For musicians who are already famous and mega wealthy (probably something like 2%), file sharing music isn't going to cause that much of a problem, but for anyone else--it is stealing. I don't go around to architecture firms, steal their plans, and distribute them to whomever I want. I can't walk into Coca-Cola headquarters, swipe their secret formula recipe and e-mail it to the masses--I'd be rightfully sued. Neither should be people be allowed to take the product of my love and labor.
Thanks for sticking up for us.
From John Tibbets:
CDs cost nothing to produce. $18 is unthinkable as a price; prices were
In-for-a-dime-in-for-a-dollar update: one more, from my friend Barry, who knows a lot about the music industry and about programming:
* About the meaning of the verb "ripping": As a graphics and video
* It is not unusual for artists to make $1-2 per store-sold CD,
Composing music costs money: it usually takes days, weeks or months
Given these costs, it's not surprising that some musicians ask their
Because it can be hard to get listeners to pay, some recording
Whether you refuse to pay a struggling independent musician or a
If you want to harm musicians or record companies, your legal options
But of course
WASHINGTON (Reuters) - Halliburton Co. has been awarded a $9.7 million contract to build an additional 204-cell detention camp at the U.S. naval base at Guantanamo Bay, Cuba to hold additional suspected al Qaeda and Taliban prisoners, the Pentagon said on Friday.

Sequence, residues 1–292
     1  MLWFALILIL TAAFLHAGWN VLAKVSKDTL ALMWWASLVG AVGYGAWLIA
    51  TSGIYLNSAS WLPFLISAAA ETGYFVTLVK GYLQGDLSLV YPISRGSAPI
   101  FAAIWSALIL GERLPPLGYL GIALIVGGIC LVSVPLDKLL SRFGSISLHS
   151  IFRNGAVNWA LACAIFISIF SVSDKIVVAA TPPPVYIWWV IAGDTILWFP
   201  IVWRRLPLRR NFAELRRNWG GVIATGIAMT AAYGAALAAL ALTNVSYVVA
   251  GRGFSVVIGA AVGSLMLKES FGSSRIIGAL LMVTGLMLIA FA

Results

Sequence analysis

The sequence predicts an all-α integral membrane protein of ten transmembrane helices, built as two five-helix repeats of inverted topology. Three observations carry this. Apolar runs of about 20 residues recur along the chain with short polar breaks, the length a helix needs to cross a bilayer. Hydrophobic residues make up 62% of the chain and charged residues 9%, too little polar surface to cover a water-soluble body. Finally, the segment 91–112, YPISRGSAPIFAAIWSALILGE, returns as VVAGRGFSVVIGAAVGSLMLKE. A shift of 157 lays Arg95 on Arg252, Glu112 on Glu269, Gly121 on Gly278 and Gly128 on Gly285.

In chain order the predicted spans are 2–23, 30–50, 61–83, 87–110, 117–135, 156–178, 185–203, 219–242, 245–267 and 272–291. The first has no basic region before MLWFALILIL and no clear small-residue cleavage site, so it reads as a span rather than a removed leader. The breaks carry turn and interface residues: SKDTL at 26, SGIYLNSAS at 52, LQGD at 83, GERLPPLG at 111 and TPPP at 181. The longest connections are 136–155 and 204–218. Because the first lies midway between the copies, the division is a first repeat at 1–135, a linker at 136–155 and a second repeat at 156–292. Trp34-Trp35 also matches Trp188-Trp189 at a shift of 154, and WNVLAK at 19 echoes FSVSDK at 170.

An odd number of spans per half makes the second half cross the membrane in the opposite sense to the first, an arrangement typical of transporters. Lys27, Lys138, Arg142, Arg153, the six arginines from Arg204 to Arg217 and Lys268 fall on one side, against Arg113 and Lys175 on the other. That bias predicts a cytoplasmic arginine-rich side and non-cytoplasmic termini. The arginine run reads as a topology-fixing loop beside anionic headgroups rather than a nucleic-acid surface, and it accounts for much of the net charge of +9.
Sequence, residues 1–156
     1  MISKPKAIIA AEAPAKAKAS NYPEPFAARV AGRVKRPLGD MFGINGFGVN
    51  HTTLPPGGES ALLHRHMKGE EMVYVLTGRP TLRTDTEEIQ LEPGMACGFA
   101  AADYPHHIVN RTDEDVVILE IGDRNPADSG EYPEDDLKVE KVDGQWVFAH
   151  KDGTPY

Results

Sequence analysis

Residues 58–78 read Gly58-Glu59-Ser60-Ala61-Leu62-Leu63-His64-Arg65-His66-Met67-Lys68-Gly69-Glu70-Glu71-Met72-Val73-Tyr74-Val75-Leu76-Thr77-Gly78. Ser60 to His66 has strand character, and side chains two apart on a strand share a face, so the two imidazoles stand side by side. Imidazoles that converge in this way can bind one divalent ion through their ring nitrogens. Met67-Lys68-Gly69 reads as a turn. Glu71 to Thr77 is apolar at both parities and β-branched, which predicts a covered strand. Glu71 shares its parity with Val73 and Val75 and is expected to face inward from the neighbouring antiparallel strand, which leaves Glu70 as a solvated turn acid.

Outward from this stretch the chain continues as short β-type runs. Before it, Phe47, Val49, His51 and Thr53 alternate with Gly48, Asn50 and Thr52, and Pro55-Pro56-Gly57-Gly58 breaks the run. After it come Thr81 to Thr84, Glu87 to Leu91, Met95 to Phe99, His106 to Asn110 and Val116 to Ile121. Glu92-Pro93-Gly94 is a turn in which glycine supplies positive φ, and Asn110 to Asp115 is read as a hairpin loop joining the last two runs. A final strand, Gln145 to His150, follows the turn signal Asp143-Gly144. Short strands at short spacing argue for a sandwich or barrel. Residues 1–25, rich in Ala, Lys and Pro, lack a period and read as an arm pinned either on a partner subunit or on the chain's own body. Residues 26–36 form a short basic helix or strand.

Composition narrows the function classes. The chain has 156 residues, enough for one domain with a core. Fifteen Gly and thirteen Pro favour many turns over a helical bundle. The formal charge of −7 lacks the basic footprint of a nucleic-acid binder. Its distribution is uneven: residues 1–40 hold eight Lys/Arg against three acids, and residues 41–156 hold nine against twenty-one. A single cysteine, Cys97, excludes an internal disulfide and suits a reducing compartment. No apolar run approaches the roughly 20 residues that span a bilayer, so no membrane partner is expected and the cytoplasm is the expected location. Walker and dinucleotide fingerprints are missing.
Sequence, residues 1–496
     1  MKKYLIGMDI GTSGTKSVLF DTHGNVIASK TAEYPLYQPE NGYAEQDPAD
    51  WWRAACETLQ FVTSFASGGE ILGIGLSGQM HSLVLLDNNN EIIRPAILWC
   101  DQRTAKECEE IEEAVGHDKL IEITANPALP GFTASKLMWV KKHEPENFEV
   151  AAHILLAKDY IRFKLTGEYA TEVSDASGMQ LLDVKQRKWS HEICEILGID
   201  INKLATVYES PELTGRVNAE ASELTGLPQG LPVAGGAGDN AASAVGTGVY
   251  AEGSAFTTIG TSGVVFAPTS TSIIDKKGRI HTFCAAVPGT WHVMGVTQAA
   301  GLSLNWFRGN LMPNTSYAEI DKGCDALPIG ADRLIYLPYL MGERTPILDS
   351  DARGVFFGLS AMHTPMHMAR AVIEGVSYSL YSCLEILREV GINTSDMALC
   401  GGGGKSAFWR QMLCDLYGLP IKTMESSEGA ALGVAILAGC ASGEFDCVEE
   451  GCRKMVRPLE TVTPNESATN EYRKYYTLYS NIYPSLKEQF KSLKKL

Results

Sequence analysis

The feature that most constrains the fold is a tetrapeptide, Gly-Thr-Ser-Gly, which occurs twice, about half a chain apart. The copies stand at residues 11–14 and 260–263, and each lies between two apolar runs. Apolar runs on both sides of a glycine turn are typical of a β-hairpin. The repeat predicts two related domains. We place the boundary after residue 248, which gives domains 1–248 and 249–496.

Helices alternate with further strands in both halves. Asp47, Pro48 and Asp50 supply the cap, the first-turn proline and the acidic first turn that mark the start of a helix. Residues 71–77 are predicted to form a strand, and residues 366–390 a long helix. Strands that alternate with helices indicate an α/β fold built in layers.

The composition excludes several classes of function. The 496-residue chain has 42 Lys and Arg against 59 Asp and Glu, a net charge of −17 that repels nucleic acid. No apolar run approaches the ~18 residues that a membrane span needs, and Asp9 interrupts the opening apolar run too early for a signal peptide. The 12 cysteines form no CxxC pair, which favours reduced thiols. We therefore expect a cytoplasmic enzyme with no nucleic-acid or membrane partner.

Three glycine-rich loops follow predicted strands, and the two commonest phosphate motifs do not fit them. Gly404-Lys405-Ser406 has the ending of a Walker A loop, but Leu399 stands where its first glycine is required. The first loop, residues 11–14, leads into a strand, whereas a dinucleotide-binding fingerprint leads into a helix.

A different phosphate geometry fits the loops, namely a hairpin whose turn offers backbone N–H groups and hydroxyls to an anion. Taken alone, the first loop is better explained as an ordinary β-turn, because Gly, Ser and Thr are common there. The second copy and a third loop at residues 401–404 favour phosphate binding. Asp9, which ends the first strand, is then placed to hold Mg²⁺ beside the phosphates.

I'm not worthy
Tom Toles once again proves that he is the true master of the medium.
The copyright wars
I also mentioned the fact that Congress is on the verge of making it legal for the entertainment industry to hack into the computers of possible copyright violators last week. This is, of course, appalling, but in response to some of the email I got welcoming me to the war against the "copyright nazis," I do want to make it clear that this is not an endorsement of ripping off artists. Sure, the record companies are major greedheads and the big bands have plenty of money anyway--but what about the mid-level bands who have to spend half their lives touring because they can no longer live off their music alone--because of all you music-wants-to-be-free types?
Don't get me wrong: the entertainment industry is going way overboard, on this, and on their efforts to restrict your ability to transfer music you've paid for from one medium to another. I have an iPod with ten gigs, and I have filled it to the brim--with music I've transferred from CDs I've paid for. If the industry had its way, I would not be allowed to do this, and that's self-evident bullshit.
But I was talking to John McCrae of the band Cake last week, and he summarized the artist's perspective well (and I'm quoting from memory here, of course): "They say music wants to be free. Well, I say rent wants to be free, bills want to be free--but until they are, I need some way to pay them."
Second update: well, my suggestion that Music May Want to be Free, but Musicians Also Want to be Paid has already made many of you highly indignant. So let me clarify this by adding: the musicians I know agree with you--the record companies are Big and Evil. Point conceded. Actually, point was never in dispute. But so what? Because these small bands are getting screwed by the music industry, it's okay to then add insult to injury by stealing their work?